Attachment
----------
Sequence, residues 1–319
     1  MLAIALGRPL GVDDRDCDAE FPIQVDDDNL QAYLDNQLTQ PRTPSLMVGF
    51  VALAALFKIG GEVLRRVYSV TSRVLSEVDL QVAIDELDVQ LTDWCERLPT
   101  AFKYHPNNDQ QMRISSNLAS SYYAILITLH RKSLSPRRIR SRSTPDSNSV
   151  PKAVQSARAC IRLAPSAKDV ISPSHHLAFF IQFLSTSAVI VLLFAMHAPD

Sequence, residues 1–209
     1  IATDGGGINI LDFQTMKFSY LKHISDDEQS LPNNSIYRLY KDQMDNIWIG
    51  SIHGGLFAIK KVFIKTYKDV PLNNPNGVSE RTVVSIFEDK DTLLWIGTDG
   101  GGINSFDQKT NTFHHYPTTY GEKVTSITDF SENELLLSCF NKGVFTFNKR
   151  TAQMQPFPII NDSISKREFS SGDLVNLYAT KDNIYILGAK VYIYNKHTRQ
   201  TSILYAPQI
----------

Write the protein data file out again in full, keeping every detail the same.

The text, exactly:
Sequence, residues 1–319
     1  MLAIALGRPL GVDDRDCDAE FPIQVDDDNL QAYLDNQLTQ PRTPSLMVGF
    51  VALAALFKIG GEVLRRVYSV TSRVLSEVDL QVAIDELDVQ LTDWCERLPT
   101  AFKYHPNNDQ QMRISSNLAS SYYAILITLH RKSLSPRRIR SRSTPDSNSV
   151  PKAVQSARAC IRLAPSAKDV ISPSHHLAFF IQFLSTSAVI VLLFAMHAPD

Sequence, residues 1–209
     1  IATDGGGINI LDFQTMKFSY LKHISDDEQS LPNNSIYRLY KDQMDNIWIG
    51  SIHGGLFAIK KVFIKTYKDV PLNNPNGVSE RTVVSIFEDK DTLLWIGTDG
   101  GGINSFDQKT NTFHHYPTTY GEKVTSITDF SENELLLSCF NKGVFTFNKR
   151  TAQMQPFPII NDSISKREFS SGDLVNLYAT KDNIYILGAK VYIYNKHTRQ
   201  TSILYAPQI